Trendy fitness sandals could harm your back
London - They’re the summer shoes that promise to correct your posture, improve your fitness, alleviate back pain and strengthen muscles.
And many of us have been persuaded by that message, with fitness sandals, such as FitFlops, MBTs and Skechers Tone-Ups to name but a few, selling in their millions.
Unlike a lot of fashionable shoes, they certainly look sturdy and sensible. But are they really as good as they seem?
Experts are warning that on the wrong feet, these fashionable fitness shoes — which can cost up to £150 (about R2 700) a pair — can lead to ligament strain and muscle injuries, and may even cause rather than alleviate back pain.
Most of these sandals have a heel pitched lower than the toe area. This creates an unstable, rocking sole that is meant to force the buttocks, calf and thigh muscles to work harder.
Others have a very flat, thin sole, designed to mimic the bare foot, helping the feet and lower legs to move in the way nature intended. The theory is that this corrects pain caused by poor posture in other parts of the body.
However, Lucy Macdonald, a chartered physiotherapist specialising in musculo-skeletal injuries at the Octopus Clinic in London, says she has seen “a lot of problems” and warns the sandals are not suitable for everyone.
“They are fine for a small percentage of people who are young, strong and fit,” she says.
But if you are unfit, have poor posture or any kind of existing hip or knee problems, then they are best avoided. “They could lead to injuries such as back and knee pain, and strains,” she says.
Michael O’Neill, a consultant in podiatric surgery at the Princess Margaret Hospital in Windsor, explains: “Some of these sandals do make the muscles of the lower leg work harder, but that is not necessarily a good thing.
“Wearing them is like walking uphill all the time, which puts a lot of additional and unnecessary strain on muscles and tendons in the lower leg, and they are likely to cause pain and damage for many.”
Even claims about toning benefits have been questioned. Studies have shown that the effects are minimal, or non-existent, and can be no better than wearing ordinary trainers.
Part of the problem is that some of these sandals lack support for the feet at the sides and heel. In this respect, they may be no better than flip-flops, says Sammy Margoof the Chartered Society ofPhysiotherapy.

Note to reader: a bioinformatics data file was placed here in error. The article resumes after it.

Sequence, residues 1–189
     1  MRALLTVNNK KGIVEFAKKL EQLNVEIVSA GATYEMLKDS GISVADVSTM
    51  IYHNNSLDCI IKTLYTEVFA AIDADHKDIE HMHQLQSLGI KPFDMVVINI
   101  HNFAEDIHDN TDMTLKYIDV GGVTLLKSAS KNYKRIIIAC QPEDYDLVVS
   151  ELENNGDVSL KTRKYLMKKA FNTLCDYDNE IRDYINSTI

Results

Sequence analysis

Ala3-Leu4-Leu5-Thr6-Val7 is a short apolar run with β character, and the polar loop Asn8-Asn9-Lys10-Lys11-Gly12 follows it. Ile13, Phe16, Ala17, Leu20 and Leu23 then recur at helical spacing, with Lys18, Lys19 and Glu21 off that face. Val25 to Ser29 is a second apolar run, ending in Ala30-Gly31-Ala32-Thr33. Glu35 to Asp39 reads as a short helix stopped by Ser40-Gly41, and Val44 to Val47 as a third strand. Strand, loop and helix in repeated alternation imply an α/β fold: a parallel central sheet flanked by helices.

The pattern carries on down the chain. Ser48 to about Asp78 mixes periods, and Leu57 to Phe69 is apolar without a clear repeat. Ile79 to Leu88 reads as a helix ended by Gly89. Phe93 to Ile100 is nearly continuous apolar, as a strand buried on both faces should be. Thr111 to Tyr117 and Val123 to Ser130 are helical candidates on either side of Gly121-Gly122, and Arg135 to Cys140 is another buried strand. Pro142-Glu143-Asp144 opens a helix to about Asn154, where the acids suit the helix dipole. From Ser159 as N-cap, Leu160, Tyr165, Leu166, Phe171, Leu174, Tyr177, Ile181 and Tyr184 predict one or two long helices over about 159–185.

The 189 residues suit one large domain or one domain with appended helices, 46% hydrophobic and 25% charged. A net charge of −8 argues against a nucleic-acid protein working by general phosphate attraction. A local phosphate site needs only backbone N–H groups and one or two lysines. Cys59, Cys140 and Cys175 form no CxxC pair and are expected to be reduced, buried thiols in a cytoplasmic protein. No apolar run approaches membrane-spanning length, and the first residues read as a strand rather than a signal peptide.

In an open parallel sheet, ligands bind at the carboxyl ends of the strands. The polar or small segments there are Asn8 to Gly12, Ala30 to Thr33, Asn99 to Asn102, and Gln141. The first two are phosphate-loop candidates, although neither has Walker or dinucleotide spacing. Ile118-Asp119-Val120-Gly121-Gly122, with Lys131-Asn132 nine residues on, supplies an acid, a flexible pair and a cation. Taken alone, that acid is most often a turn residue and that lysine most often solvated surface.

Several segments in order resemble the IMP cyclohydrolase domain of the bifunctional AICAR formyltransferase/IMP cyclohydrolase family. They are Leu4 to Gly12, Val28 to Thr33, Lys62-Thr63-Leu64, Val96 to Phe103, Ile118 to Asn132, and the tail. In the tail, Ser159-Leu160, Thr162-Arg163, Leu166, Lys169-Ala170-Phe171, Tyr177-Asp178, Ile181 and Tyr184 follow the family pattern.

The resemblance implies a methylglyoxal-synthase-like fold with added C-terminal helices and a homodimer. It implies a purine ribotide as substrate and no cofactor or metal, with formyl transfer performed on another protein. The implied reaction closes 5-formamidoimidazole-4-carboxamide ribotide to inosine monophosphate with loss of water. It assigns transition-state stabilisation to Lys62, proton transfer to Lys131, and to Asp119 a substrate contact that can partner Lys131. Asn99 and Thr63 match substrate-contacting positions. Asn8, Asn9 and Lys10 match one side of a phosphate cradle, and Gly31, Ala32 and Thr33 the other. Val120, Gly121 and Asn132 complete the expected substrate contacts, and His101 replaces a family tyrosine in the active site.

She explains that 70 percent of people are “over-pronators”, whichmeans their feet roll inwards excessively as they walk — fitness sandals do little to counteract this.
Long-term, over-pronation can lead to plantar fasciitis, a painful heel condition where the tissue at the bottom of the foot is over-stretched. Not only do they not support the feet, switching to the non-existent heel of barefoot-style sandals or the “negative” lower heel of a rocker-soled pair also stretches and strains the Achilles tendon at the back of the leg.
For women who alternate wearing high heels with toning sandals, this effect could be even worse, as the tendon is repeatedly shortened by high-heeled shoes and then lengthened, causing pain. And far from improving their condition, anyone with existing lower back pain or hip problems such as dysplasia — a problem from birth where the hip joint is the wrong shape — might find their discomfort becomes more severe if they wear fitness shoes.
“You need to be careful in choosing supportive footwear if you have these problems,” says Sammy Margo. “The body has to work harder to adjust to the new positions it is thrown into by this footwear and one effect could be added strain on fragile joints.
“Some people use their feet differently in this type of shoe; others walk differently. If you have problems with posture, they are likely to be exacerbated.”
This is why it may be that back pain worsens.
And if you thought fitness sandals would be a good option for long walks or sightseeing on holiday, think again.
“I’ve seen lots of people who have fallen, stumbled or stubbed toes in this sort of footwear just because they are not used to walking in them or are walking for too long and fatigue sets in, making them stumble,” says Mr O’Neill.
So, what sort of sandal should you wear? It should be flexible around the big toe, which many of the new breed of fitness shoes aren’t, says Lucy Macdonald.
“Sandals should also have a small heel or 1½ in wedge; full moulded support for the heel, which should be cupped and fastened in with a strap; and a little arch support.
“Ironically, I see a lot of cheap sandals in High Street fashion stores that are more foot-friendly than the so-called wellness shoes.
“They have straps to make the sandal fit snugly, a heel cup to keep the foot in place and even some arch support. My advice is not to waste your money on fitness shoes.” - Daily Mail